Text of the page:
“We know that the vagina informs many women in our communities. However, that is not the totality of the woman experience, so we really want to push ourselves to think about the ways our voices shape our representations of womanhood.”
How far has this V-word come, I wonder, since V felt she could be shot down for saying it aloud in public? Has there really been any progress with this particularly intransigent taboo? “We move forward and we move back. In fact, there are many places where you can say the word comfortably, but we’re also seeing amazing pushback against women’s rights everywhere. We only have to look to what happened in Poland recently or what’s happening [in other parts of] the world, whether it’s child marriages, or the shutting down of contraception rights through health care in the US and the rightwing Christian pushback that says women need to be married.
“The thing about racist patriarchy is that it’s persistent. It’s like a virus, always lodged somewhere,” says V. “When the conditions are right, it will rise up. But women’s movements around the world – whether black feminist movements or those fighting for healthcare, or the Earth, or immigrant rights – are the strongest they have ever been. Women are much more embodied and, as a result, patriarchs are pissed off and terrified.”
“Change doesn’t happen without resistance,” adds Monet. “Of course, those who don’t want it are going to rise up against it.”
V has long believed that art can incite and enact social change; The Vagina Monologues is proof that it can be done. But I wonder if it serves the same purpose in these unprecedented times – during a global pandemic in which it is at risk of being seen as a luxury, not a necessity. “We are in a very weird place right now with our theatres closed for the most part around the world,” concedes V. “We’re in crisis, and crisis, as we know, is opportunity. It means we can open up and become something else as human beings. The role of art is to help that, to encourage that, to make people uneasy and to destabilise them so they begin to look at their lives in different ways. I have seen the power of women storytelling in a theatrical shape. It blows people’s hearts and minds open. I have enormous faith in art. If anything, it’s what I have most faith in because it gets beyond dualities and lives in ambiguities.”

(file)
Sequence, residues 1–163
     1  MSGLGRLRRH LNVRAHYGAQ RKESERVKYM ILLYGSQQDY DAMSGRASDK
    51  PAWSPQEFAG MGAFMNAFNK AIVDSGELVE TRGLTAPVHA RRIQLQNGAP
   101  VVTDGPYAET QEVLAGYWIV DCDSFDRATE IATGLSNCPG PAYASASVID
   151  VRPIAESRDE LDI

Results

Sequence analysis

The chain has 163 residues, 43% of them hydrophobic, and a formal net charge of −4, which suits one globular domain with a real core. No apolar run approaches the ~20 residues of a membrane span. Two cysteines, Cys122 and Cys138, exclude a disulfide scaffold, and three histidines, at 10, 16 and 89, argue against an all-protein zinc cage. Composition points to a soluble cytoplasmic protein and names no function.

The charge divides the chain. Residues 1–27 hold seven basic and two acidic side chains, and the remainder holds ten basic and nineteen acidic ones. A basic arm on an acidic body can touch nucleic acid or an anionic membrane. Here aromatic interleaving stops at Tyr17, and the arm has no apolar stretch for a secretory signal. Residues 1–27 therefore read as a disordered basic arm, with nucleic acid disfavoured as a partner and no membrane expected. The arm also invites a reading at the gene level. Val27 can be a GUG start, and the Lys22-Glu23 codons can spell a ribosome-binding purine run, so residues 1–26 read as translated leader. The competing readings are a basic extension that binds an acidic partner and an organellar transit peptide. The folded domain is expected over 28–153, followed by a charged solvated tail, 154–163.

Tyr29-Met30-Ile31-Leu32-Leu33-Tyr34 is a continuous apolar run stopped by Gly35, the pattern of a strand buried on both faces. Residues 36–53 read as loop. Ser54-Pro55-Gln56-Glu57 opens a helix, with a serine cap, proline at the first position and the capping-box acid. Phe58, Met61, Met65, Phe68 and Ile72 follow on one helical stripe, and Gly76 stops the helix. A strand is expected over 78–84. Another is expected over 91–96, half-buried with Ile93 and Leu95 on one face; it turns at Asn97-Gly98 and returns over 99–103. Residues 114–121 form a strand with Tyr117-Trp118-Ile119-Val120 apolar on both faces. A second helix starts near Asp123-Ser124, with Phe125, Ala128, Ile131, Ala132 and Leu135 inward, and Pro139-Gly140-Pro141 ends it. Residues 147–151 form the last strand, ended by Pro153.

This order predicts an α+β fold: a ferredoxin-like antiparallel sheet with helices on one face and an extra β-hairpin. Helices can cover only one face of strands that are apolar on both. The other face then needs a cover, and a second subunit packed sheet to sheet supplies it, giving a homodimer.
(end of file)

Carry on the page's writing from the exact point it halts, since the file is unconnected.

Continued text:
Monet also thinks this is a potent moment in which some boundaries have blurred and left us feeling more global. The internet, she says, has changed the way we receive art and “people now have an aerial view of the world in a way they didn’t before”.
The way to meet the future, they both believe, is through listening, something that stripped-down pandemic life might have better tutored us in doing. “How do we really lean into active listening and what does it look like to cultivate a society that deepens its relationship to listening?”
What Monet says is vital, adds V, who has spent years listening to women’s stories, and making art out of them, most recently Nurses in Their Own Words, for which she interviewed nurses contending with the pandemic. She has also worked with women in prisons and those affected by Hurricane Katrina in New Orleans. “Because I’ve had the privilege of interviewing so many people, one of the things I’ve learned is that when you really listen, you are changed because people actually enter you. You hold their joys and triumphs and suffering in your body. What I’ve been excited about [during the pandemic] is that we’re stationary. We’re not going ‘what’s next?’ because the next is the same day over again.”
So might this pause serve us well in some way? “I think so. That’s why I’m very excited about Voices. The role in this for anybody who’s not a black woman is to listen, take this in, to allow this material to impact you, to transform you, to take you somewhere else where you haven’t been before.”